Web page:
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Where does the pomegranate come from?

Where does the pomegranate come from?

THE pomegranate, one of the world’s most ancient fruits, has had a long and fascinating history. Although it probably originated in Persia, cultivation spread quickly throughout the Mediterranean and extended to Arabia, Afghanistan, India and China, where it was called the “Chinese apple,” the alternate appellation.

Do pomegranates grow in China?

Although the pomegranate adopts itself to a variety of climatic conditions and pomegranate can be found in many parts of China , the major orchards in China are in the provinces of Sichuan, Chongqing, Shandong, Shaanxi and Henan.

Do seedless pomegranates exist?

The seedless pomegranate is a large fruit with a thin, bright red peel. The seeds of the so-called ‘seedless pomegranate’ are surprisingly soft and can be eaten. The seedless pomegranate has a history of more than 2,000 years. Production areas in Sichuan recently brought their seedless pomegranates to the market.

Where does the United States get its pomegranates from?

Chile was the main supplier to the United States market, which has a limited supply from Southern California. China was self-sufficient for its pomegranate supply in 2019, while other South Asia markets were supplied mainly by India.

Can a pomegranate tree grow from a seed?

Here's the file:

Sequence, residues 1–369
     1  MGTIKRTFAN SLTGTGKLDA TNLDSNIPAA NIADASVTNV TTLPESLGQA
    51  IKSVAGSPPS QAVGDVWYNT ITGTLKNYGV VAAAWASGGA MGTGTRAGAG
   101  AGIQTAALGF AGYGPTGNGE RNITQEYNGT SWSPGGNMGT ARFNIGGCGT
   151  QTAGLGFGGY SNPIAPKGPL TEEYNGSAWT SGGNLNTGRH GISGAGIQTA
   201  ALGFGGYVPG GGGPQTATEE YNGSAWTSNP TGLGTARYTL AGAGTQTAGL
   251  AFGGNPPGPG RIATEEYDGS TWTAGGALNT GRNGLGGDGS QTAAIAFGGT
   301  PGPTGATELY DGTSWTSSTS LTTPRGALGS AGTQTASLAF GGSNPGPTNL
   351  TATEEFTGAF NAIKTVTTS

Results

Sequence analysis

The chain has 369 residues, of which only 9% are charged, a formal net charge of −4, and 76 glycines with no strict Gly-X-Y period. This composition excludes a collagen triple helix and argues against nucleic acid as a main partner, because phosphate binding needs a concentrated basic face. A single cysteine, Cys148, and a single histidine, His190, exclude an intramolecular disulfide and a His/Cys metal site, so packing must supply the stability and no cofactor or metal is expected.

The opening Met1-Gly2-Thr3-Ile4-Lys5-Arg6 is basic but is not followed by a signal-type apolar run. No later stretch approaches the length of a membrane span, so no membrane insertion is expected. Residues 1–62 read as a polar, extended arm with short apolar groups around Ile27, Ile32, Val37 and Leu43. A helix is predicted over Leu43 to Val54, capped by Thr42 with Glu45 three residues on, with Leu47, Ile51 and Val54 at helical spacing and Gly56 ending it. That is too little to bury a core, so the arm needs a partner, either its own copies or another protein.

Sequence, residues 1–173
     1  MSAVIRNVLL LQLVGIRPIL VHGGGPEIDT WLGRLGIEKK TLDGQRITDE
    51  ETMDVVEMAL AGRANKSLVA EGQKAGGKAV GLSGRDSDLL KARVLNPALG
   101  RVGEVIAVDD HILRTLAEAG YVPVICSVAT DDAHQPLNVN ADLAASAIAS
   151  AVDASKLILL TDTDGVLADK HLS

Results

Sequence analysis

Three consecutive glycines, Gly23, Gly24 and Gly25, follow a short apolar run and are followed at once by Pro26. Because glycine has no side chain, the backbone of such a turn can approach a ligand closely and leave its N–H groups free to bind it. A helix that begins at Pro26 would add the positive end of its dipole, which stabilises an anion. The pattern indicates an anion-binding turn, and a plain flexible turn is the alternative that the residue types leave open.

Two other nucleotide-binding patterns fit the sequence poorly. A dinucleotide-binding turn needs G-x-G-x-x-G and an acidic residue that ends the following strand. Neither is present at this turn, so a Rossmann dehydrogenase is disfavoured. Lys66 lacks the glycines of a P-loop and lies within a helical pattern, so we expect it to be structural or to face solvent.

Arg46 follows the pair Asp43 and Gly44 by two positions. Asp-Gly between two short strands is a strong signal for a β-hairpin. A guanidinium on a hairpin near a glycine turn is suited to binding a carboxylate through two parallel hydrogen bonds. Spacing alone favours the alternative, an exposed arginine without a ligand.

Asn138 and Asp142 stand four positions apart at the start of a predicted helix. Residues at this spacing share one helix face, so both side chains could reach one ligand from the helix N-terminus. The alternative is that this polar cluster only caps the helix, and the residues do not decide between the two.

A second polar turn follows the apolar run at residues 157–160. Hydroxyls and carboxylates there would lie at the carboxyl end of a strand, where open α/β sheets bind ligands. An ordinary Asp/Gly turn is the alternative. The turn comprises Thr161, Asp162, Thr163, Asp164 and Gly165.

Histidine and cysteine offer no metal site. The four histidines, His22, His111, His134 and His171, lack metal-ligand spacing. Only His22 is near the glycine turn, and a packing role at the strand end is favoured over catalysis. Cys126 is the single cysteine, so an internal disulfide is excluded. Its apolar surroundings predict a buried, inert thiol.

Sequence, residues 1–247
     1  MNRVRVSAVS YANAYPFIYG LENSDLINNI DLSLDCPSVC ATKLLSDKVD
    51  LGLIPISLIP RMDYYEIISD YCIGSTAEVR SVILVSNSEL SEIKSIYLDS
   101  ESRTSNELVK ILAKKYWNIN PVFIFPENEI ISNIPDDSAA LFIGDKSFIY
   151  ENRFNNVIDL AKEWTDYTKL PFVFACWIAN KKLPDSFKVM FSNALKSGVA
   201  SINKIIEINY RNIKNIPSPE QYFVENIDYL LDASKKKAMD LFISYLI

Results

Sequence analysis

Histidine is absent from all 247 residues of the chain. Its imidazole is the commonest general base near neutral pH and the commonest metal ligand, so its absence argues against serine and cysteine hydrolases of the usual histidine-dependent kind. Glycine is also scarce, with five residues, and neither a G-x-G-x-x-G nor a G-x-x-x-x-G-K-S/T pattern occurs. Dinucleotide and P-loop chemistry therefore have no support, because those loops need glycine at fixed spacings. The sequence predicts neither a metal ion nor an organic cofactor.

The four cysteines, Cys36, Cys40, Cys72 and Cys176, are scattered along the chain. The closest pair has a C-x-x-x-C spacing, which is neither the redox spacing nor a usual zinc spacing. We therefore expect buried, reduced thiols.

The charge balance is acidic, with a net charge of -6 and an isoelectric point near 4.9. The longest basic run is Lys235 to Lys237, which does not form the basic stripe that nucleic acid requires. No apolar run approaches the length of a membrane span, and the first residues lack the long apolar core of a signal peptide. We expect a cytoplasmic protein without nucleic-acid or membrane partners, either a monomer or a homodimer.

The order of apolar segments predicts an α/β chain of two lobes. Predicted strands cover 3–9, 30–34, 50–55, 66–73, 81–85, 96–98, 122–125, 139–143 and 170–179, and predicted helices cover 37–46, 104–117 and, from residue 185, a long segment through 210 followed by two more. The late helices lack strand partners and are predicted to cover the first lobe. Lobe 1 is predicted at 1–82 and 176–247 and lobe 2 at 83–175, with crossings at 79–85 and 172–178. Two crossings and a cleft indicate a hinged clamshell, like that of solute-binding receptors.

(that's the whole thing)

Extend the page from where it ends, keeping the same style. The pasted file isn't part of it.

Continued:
If you’ve ever eaten a pomegranate, you know that the center contains hundreds of crunchy seeds, each in its own fleshy covering. The trees propagate readily from seeds, but there is no guarantee that the new trees will resemble the mother tree.

What happens to pomegranates after they are picked?

Pomegranates do not ripen after they’re picked and yet bruise relatively easily when ripe. This means a lot of commercial pomegranates are picked a bit under-ripe. You are much more likely to find truly ripe, fresh pomegranates at farmers’ markets, co-ops that get deliveries directly from farmers, and farm stands.

What is the edible part of a pomegranate?

The edible part of pomegranate is its arils (flesh-covered seeds). Separating the 800 arils that average in each pomegranate from the peel and internal white membrane is a bit of a task, but not a complicated one. Each pomegranate yields about 3/4 cup of arils or 1/2 juice.